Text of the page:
Monthly Archives

March 2019

Jane Lowbeer Deluge

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March 9 – 31, 2019

Opening Reception: Sunday, March 10, 2 – 5 PM

Artist’s Talk: Sunday, March 24, 2 – 4 PM

Loop Gallery is pleased to announce Deluge, a collection of new work by Jane LowBeer.

Lowbeer explains her process as follows: Rarely do I go to the studio with a plan. Instead I show up to work without a specific intention and intuit what to do. A sense of impending doom weighs on me now and carries into the studio. The specter of climate change and the extreme vulnerability of the planet have been affecting my life. Day-to-day feels unpredictable; living in the country, it’s hard to know what shoes to wear when fields shift from snow to ice, and back to earth in 24 hours. I read and hear constantly about current climate disaster and dark future scenarios. My workspace is overflowing with bits and pieces of prints I have saved – fragments of my art dating back 40 years. In recycling this work I find my response to catastrophe; sorting through this flotsam, some remnants suggested tears. As a result the collages I made showed an abundance of vertical lines, which led me to musings of rain – lots of rain. Rain and catastrophe evoke the flood, one of the oldest recurring myths of civilization.


Martha Eleen Adaptation

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March 9 – 31, 2019

Opening Reception: Sunday March 10, 2 – 5 PM

Artist’s talk: Sunday March 24, 2 – 4 PM



Martha Eleen’s Adaptation is a process-based series of paintings that attempts to make visible the experiential qualities of space that you can’t see, such as temperature, meaning, memory, time, emotion.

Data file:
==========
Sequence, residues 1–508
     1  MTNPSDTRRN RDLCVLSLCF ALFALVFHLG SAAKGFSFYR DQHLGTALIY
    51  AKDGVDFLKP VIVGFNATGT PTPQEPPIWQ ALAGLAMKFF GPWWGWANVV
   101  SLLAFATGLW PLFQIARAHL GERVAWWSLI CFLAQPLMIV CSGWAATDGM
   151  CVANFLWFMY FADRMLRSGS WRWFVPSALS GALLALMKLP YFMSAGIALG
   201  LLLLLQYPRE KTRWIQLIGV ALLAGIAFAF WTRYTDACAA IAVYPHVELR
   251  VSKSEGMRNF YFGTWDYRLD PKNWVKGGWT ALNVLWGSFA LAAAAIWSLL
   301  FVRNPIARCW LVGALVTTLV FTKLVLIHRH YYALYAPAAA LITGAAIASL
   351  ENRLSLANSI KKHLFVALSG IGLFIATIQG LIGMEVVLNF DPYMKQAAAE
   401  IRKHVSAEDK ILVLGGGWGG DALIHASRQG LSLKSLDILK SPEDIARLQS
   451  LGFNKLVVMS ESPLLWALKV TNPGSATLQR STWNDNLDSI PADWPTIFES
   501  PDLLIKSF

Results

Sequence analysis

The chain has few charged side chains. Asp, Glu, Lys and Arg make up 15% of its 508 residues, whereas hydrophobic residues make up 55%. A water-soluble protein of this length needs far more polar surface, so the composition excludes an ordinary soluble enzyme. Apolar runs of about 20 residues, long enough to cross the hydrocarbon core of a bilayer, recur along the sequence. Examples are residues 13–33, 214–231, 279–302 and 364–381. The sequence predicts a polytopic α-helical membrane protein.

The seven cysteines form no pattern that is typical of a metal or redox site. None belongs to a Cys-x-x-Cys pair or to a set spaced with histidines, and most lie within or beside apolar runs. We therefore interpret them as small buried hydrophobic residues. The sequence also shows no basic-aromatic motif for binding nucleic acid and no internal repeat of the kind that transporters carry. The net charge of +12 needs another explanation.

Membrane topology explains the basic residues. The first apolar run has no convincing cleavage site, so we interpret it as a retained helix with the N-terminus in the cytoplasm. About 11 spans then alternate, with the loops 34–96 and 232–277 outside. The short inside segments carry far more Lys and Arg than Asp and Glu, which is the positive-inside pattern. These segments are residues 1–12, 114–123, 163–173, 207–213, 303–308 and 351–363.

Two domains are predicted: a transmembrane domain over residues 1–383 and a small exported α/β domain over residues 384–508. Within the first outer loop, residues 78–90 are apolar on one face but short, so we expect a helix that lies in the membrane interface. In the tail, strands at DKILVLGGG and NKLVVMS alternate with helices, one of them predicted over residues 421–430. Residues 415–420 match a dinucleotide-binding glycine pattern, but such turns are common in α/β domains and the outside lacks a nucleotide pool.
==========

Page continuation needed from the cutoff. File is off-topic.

These paintings map the connection between the artist’s physical and inner landscapes. By imposing a restriction on observed perspective, the compositions must adapt to shape space using other aspects of visual language: sensation, movement, weather, patterns/rhythms, the changing circumstances of daily life, mood and emotion, vibration.

About the Artist

Adaptation is Eleen’s third body of work investigating the relationship and interdependency of space and place. In The Meaning of Things, 2015, observations of a cardboard box were used to represent a place without socio-political context (unlike buildings and rooms). In Watershed, 2017, the jumping off point was the exterior spaces from the box compositions, but this time there was no subject matter: space without place or meaning.

Martha Eleen is interested in human geography and the relationship between culture and landscape. Her paintings have received critical attention in the form of curatorial essays, reviews and publication such as the The Globe and Mail and Descant magazine.  Eleen’s work has been exhibited in public galleries in Canada, U.S.A, Mexico and Japan, and is represented in permanent collections including the Art Gallery of Ontario. She is an Honours graduate of Emily Carr College of Art, Vancouver. Eleen lives in Toronto where she teaches painting and drawing at Toronto School of Art and is represented by Loop Gallery.